As many of you who read the blog regularly, you’ll know that I consider the three basics to any survival situation as shelter, fire and water. Of those three water is likely the most important, and today we’re going to be looking at what I believe to be the 6 best options for purifying water in a survival situation.
The first option and easily the most reliable is simply going to be to boil your water. As I’ve talked about before in my bug out essentials post, a metal canteen and cup should definitely be 1 of 10 essential items in every bug out bag.
Having a canteen that is metal allows you to gather and purify water all in one container which will save time, space and weight. I’ve mentioned before here that I really like the Klean Kanteen as a metal canteen brand. The other popular brand amongst avid survivalists is Guyot. Whatever brand you decide on I’d just like to add that I like a nice wide mouthed design. This makes it much easier to fill.
Once you have your canteen, simply add a metal cup like this titanium one from TOAKS and you have a complete water purification system and cook set in one.
The next most common way of purifying water after boiling it is to simply use water purification tablets often made of iodine. Purification tablets like these offer a quick, easy and lightweight way to get water ready for cooking, cleaning or washing. What is also great about water purification tablets is the low price. These can be found for under $10 on amazon which is perfect for tossing in the bug out bag and forgetting about it.
Their are really only two downsides to tablets – the first of which being taste. Because iodine is used to purify the water you’re left with something that doesn’t exactly taste like a crisp mountain river. There are additional drops that aid in removing this taste but they never fully seem to get rid of it. The other issue is really just quantity – it’s hard to carry enough tablets to support any sort of long term situation if they are your sole means of purification. For the average bug out bag however a bottle of this is going to be more than enough to provide clean water for up to a week.
A newer product on the market, and one that I haven’t actually gotten the chance to review yet the Lifestraw might make an awesome addition to most people’s bug out bags. It’s lightweight, under $20, simple to use and can filter up to 1000L of water on a single straw.
I’ve heard of many people using this to filter some pretty nasty water and have never gotten sick. The one thing I will mention however is that unlike boiling or using iodine tablets, the Lifestraw does NOT protect you from viruses. It does remove all the common bacteria however (cholera, salmonella, e coli, etc.) which are the major contributing factors to a number of common illnesses you can get from drinking unfiltered water.
With that in mind, in a non-survival situation make sure to always combine this with some sort of UV sterilization method to make sure you’re killing viruses. Boiling the water will also kill viruses. However, in a survival situation this may be all you have and it is definitely better than nothing when it comes to filtering water quickly and efficiently.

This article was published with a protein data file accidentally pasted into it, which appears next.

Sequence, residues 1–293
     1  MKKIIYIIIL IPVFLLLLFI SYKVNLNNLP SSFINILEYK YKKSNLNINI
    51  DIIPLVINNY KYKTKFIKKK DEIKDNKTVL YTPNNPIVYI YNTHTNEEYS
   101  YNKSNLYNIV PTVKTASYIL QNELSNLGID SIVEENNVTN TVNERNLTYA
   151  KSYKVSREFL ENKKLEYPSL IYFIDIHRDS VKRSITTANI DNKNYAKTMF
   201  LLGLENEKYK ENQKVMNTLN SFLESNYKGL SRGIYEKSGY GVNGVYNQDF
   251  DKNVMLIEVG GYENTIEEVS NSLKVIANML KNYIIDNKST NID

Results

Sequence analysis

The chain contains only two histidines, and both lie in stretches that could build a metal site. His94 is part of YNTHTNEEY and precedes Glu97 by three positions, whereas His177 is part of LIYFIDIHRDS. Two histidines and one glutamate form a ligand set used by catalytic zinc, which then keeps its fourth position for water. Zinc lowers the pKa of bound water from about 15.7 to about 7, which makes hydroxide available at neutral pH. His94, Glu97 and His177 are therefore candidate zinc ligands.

Another newer product on the market is the Sawyer Squeeze filtration system. For “coolness” factor this product probably takes the cake on this list. The filtration system is simply a cap that can be screwed on to most water bladders and bottles that does all the work for you. You simply fill up your bottle or bladder with water, screw on the cap and squeeze. The pressure from squeezing pushes the water through the filter and out through the cap which allows you to drink straight from it or fill up secondary carrying pouches.
What I really like about this system is that it pairs really well with hydration bladders which I am a big fan of. Unlike the LifeStraw where you really are restricted to only drawing water directly from a source into your mouth, with the Squeeze system you can carry water for long periods of time in the bladders and fill up bottles, clean pots and pans, wash hands, etc.
I also can’t get away without mentioning the awesome price. For under $40 you can usually get the filtration system and 3 hydration bladders (0.5L, 1.0L and 2.0L) which is simply an awesome bargain for anyone.
Next up on the water purification list is what some might deem a magic wand. The SteriPEN’s Adventurer uses the power of UV light to kill any and all viruses, bacteria and protozoa in your drinking water. Do to the fact that is actually kills viruses a SteriPEN has a distinct advantage over a lot of the filters on this list. In addition to killing viruses, a good UV SteriPen also weighs next to nothing and can easily be packed away in your bug out bag or worn on the belt pouch for easy access.
The biggest downside to this system is the price – at around $75 it’s hard to justify simply for a bug out bag. If you’re an avid camper or hiker it might be worth it to invest in one, but if you’re simply looking for something to toss in a bag and forget until SHTF you may want to look at one of the cheaper options. The only other downside to this is that you can only process up to a liter of water at a time – which means it’s great for personal use but could get a little time consuming if needed for larger tasks.
Last but not least we come to a product I’m very familiar with and have come to love in Katadyn. Offering a variety of models and price points Katadyn is really the best of the best when it comes to backcountry water filtration.
While definitely the most expensive means of filtration on this list, a pump water filter is really your only option when it comes to obtaining large amounts of clean water. While the other products on this list are great for individuals, if you have a family and need a large amount of water this should be your guy.